Home » 3PL/4PL, Breaking News, Customs & Trade, Exclusives, Maritime, Ports/Terminals » Should transfer of overstaying containers now stop? BOC looks into issue

Screengrab from BOC’s online live update on April 22 hosted by Assistant Commissioner Atty. Vincent Philip Maronilla

The Bureau of Customs, in coordination with the Philippine Ports Authority, is in discussion with Manila terminal operators on whether the program of transferring overstaying containers may now be discontinued with congestion no longer a problem at the ports.

This was one of the points tackled at the April 22 Bureau of Customs Live Update hosted by assistant commissioner and spokesperson Atty. Vincent Philip Maronilla.

The transfer of overstaying containers is a key provision in Joint Administrative Order (JAO) No. 20-01, which provides processes for expedited release of refrigerated containers and dry cargoes from Manila ports during the enhanced community quarantine.

The JAO was issued following an almost 100% yard utilization level at the Manila International Container Terminal (MICT) in late March, prompting port operator International Container Terminal Services, Inc to call on importers/consignees to withdraw their overstaying containers.

Under the JAO, overstaying containers under a set of timelines would be transferred to other facilities in the interest of declogging ports. The cost of the transfer will be borne by the importer/consignee.

Maronilla said BOC is looking at whether transfer of containers should stop since port congestion no longer exists.

As of April 21, he said, yard utilization at MICT is down to 65.50% from 68.22% on April 19, but up to 83% from 77% on April 19 at the Manila South Harbor.

Any decision on continuing or ending the container transfer program can only be made “after consultation with our terminal operators as to what we expect the yard utilization will be once these containers start coming in again and ano ba yung rate ng pagre-release (their rate of release),” he added.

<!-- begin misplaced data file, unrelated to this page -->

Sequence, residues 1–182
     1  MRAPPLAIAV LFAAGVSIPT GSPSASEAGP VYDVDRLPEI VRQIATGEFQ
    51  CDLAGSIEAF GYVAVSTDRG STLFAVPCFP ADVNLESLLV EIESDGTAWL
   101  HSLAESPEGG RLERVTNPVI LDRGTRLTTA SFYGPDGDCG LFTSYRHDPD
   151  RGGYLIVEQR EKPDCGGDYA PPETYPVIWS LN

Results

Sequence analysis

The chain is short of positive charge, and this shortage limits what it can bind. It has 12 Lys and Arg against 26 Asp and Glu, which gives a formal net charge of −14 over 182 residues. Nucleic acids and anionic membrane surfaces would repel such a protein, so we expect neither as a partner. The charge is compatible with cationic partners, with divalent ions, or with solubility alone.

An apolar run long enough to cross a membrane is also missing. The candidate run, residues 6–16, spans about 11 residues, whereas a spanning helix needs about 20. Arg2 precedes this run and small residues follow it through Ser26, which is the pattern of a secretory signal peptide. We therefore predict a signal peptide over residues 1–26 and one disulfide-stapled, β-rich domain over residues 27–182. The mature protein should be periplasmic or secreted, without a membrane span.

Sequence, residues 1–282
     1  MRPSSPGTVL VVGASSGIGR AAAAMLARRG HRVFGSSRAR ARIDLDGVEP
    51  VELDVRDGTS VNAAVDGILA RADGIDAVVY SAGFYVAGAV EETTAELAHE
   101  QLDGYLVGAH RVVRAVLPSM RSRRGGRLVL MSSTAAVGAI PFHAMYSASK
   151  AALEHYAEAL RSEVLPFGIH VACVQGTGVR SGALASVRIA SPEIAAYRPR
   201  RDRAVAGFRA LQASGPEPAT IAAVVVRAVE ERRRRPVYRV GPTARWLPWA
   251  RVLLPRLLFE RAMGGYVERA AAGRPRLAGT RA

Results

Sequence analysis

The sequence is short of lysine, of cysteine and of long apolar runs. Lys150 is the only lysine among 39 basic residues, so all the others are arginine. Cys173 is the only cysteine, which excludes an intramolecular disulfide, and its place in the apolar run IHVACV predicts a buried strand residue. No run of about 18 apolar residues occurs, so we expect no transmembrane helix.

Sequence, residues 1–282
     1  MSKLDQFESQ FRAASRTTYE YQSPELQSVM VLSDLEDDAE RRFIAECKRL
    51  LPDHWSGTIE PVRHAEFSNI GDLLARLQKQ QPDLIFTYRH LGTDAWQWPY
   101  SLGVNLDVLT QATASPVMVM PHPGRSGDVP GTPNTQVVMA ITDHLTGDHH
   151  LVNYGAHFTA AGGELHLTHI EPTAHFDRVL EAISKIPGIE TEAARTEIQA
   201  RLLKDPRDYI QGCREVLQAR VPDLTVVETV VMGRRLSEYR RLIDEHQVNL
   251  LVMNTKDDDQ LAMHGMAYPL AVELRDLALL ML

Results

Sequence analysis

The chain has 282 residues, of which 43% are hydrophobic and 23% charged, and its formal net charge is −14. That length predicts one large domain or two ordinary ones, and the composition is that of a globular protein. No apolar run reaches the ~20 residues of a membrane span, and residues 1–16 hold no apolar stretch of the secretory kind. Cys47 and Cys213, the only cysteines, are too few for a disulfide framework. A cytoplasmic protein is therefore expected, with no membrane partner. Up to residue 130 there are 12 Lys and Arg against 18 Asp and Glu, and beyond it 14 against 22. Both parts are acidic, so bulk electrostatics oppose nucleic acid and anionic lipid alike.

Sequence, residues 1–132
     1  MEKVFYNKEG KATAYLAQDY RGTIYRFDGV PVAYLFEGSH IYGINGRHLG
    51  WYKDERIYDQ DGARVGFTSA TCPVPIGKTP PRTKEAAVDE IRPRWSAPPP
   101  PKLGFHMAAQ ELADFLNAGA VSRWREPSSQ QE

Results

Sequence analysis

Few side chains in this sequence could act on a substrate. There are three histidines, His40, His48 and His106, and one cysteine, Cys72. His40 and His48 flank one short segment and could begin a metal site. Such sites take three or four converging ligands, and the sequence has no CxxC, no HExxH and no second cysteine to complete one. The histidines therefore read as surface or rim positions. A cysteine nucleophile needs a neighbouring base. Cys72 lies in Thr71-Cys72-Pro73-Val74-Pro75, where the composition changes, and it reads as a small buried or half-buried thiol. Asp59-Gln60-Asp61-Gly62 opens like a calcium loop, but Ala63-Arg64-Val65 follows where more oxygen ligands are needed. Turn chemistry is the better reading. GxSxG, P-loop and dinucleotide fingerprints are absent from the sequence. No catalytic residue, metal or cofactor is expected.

Many stakeholders have complained of high container transfer fee charged by terminal operators.

Since the transfer fee is not a levy imposed by the BOC, Maronilla said the bureau can only coordinate complaints with the PPA.

He said BOC understands the burden of having to shoulder extra cost with the container transfer fee. A resolution will be issued soon, he added.

READ: MICT operations back to normal; Manila South Harbor, Batangas terminals running at “optimum levels”

As of April 21, a total of 3,898 containers had been transferred from the MICT to other facilities: 1,046 containers were transferred to the depot of Pacific Roadlink Logistics, Inc., 2,726 containers to the domestic terminal at Manila North Harbor, and 124 containers to Laguna Gateway Inland Container Terminal.

Abandonment procedures for overstaying containers

To implement JAO No. 20-01, BOC recently issued Customs Memorandum Order 10-2020, providing procedures for abandonment of overstaying containers during the ECQ.

READ: BOC issues abandonment procedures during ECQ

During the BOC Live Update, Maronilla reminded stakeholders of timelines under CMO 10-2020, which states that imported goods are considered abandoned when:

  • refrigerated containers remain unclaimed after three days from the seven-day withdrawal period under JAO 20-01
  • chilled cargoes remain unclaimed after three days from the five-day withdrawal period under JAO 20-01
  • cargoes beyond 30 days from date of discharge are not withdrawn after five days from issuance of JAO 20-01. – Roumina Pablo

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